This project was completed in September 2016
How can educators create inclusive classrooms where students with intellectual and developmental disabilities (including autism) not only participate and communicate, but also learn academic content? The groundbreaking model in this book is the answer. Practical, forward-thinking, and person-centered, The Beyond Access Model shows education professionals what meaningful inclusive education looks like and gives them the critical guidance they need to make it happen.
This student and team problem-solving model was developed and evaluated through two initiatives funded by the U.S. Department of Education, Office of Special Education Programs: The Beyond Access Project and Beyond Access for Assessment Accommodations. Outcomes from use of the Model have been documented in three peer-reviewed empirical studies and published in Journal of Intellectual and Developmental Disability, Augmentative and Alternative Communication and Topics in Language Disorders.
The Beyond Access Model is being used in several schools around the U.S. as part of the IOD's National Inclusive Education Initiative for Students with Autism and Related Disabilities (NIEI).
Beyond Access was originally a four-year Model Demonstration Project, funded by the U.S. Department of Education, Office of Special Education Programs, that promoted improved learning of general education curriculum content by students with the most significant disabilities. The project assisted school teams to learn, implement, and refine a student supports and team planning model that blends best practices in inclusive education, augmentative communication, collaborative teaming, and professional development.
IDEA 1997 requires that students with disabilities have access to the general education curriculum; that "to the maximum extent appropriate" they pursue learning goals that are "consist with those of students without disabilities"; and that they be included in district and state large-scale assessments. For students who have traditionally been given labels of mental retardation, autism, deaf-blindness, traumatic brain injury, and multiple disabilities, realization of these goals presents significant challenges. In many schools, access to the general education curriculum occurs in segregated settings and the standards that students pursue are minimally related to the academic content of that curriculum, focusing primarily on "access" skills. Although these practices may address IDEA's legal requirements, they fall far short of meeting the spirit of IDEA that places presumptive value on general education class placement and the goal that every student graduate with a high school diploma. Furthermore, even when students are enrolled in general education classes, staff may not have access to high quality professional development around evolving best practices, effective team functioning, and leadership skills.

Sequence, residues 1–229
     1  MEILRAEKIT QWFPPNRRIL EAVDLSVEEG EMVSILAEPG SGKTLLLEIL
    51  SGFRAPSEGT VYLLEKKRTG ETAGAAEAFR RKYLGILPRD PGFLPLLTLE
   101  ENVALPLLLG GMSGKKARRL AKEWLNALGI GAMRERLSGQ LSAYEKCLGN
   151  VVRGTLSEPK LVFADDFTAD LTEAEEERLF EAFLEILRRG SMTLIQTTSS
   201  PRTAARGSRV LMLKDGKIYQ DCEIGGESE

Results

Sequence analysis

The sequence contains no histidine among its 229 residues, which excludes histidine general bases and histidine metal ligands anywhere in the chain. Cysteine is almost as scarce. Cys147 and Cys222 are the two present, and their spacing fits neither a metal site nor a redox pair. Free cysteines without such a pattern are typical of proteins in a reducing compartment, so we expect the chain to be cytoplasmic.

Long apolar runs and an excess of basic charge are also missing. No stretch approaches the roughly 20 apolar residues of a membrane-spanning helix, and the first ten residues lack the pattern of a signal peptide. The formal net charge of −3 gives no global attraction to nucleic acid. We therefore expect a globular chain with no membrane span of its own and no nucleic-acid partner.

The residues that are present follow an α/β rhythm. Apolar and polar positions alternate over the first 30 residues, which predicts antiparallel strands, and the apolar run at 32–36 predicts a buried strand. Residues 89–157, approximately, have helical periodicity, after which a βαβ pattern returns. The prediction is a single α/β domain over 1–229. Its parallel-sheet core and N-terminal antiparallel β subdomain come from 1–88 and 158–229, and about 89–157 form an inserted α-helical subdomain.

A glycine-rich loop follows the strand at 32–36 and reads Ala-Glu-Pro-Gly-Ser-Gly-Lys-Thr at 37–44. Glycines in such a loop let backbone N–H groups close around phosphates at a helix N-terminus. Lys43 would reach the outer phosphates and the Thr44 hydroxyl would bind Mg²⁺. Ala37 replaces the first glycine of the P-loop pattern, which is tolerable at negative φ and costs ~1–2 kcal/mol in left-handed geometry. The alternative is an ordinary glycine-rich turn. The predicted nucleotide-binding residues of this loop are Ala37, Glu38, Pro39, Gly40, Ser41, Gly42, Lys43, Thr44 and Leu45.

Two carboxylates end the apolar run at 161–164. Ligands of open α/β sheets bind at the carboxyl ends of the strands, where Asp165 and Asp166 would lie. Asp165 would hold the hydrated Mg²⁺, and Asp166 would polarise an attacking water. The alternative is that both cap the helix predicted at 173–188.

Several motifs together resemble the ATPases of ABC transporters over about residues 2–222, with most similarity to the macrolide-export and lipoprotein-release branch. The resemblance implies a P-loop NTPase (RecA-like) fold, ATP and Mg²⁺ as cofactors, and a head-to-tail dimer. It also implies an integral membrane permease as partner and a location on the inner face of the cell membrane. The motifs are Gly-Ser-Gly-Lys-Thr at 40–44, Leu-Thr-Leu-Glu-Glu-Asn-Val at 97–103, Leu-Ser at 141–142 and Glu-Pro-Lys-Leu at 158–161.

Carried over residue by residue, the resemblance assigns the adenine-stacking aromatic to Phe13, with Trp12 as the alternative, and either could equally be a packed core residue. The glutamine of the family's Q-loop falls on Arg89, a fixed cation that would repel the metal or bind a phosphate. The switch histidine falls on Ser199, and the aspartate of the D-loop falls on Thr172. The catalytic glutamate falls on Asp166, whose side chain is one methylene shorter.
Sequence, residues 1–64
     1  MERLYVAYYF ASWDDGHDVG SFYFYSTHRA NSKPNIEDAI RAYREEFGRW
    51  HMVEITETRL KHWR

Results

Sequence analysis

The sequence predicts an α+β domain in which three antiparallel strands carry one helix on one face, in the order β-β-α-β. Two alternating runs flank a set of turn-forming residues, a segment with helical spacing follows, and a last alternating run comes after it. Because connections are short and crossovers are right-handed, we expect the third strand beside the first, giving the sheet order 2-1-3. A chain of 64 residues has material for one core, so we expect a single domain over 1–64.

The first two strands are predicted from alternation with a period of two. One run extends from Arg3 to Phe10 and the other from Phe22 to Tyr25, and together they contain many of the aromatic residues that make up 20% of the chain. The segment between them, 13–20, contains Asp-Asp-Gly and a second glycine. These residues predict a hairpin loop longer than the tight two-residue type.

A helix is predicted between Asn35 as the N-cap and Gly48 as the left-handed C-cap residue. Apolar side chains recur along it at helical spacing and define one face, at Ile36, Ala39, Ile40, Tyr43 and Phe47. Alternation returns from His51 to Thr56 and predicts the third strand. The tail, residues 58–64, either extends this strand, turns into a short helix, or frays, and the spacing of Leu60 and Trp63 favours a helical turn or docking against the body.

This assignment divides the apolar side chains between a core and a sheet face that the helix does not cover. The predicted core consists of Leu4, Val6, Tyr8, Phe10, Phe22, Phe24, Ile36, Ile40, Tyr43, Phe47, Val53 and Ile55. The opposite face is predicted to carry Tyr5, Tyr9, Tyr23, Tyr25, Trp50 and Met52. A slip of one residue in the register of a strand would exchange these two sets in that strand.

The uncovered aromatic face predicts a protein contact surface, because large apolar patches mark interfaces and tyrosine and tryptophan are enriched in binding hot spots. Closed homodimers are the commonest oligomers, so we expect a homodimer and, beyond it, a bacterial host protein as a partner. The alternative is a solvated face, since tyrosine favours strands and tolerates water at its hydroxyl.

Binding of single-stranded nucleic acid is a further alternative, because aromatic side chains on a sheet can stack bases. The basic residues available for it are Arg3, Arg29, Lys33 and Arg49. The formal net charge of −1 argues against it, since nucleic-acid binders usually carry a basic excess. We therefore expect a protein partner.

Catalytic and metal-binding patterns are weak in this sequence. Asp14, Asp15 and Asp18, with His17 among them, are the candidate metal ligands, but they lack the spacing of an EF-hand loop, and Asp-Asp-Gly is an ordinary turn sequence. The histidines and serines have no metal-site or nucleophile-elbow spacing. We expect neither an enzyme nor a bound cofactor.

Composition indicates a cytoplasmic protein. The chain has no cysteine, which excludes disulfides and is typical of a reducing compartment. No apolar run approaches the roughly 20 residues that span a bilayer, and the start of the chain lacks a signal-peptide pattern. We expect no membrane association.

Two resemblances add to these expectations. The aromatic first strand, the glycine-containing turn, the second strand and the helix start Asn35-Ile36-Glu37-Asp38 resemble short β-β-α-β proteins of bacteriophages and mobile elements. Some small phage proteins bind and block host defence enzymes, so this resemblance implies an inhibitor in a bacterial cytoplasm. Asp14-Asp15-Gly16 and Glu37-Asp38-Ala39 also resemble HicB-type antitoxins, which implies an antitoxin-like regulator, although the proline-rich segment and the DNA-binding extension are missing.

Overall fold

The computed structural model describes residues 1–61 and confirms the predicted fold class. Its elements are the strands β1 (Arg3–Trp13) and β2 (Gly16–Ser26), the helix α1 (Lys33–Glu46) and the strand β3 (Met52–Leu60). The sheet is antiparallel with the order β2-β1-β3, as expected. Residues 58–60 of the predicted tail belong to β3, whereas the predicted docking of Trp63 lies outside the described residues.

Thus the Beyond Access project was funded to refine, demonstrate, and evaluate a comprehensive model that links planning students' instructional supports with professional development to improve team functioning. It is comprised of four dynamic, recursive phases:
- Phase 1: Conduct a Baseline Assessment of Student Learning and Communication Skills, Supports, School and Classroom Contexts, and Team Effectiveness;
- Phase 2: Explore and Describe Possible Student Support Plans and Team Member Support and Professional Development Plans;
- Phase 3: Observe and Document Patterns of Student and Team Performance; and,
- Phase 4: Review and Reflect on Student and Team Performance Data and Implement Recommended Changes in Student and Team Support Plans.
A National Review Panel of parents, consumers, and professionals will support project implementation and evaluation efforts.
This project was funded by the U.S. Department of Education, Office of Special Education Programs, grant #H324M020067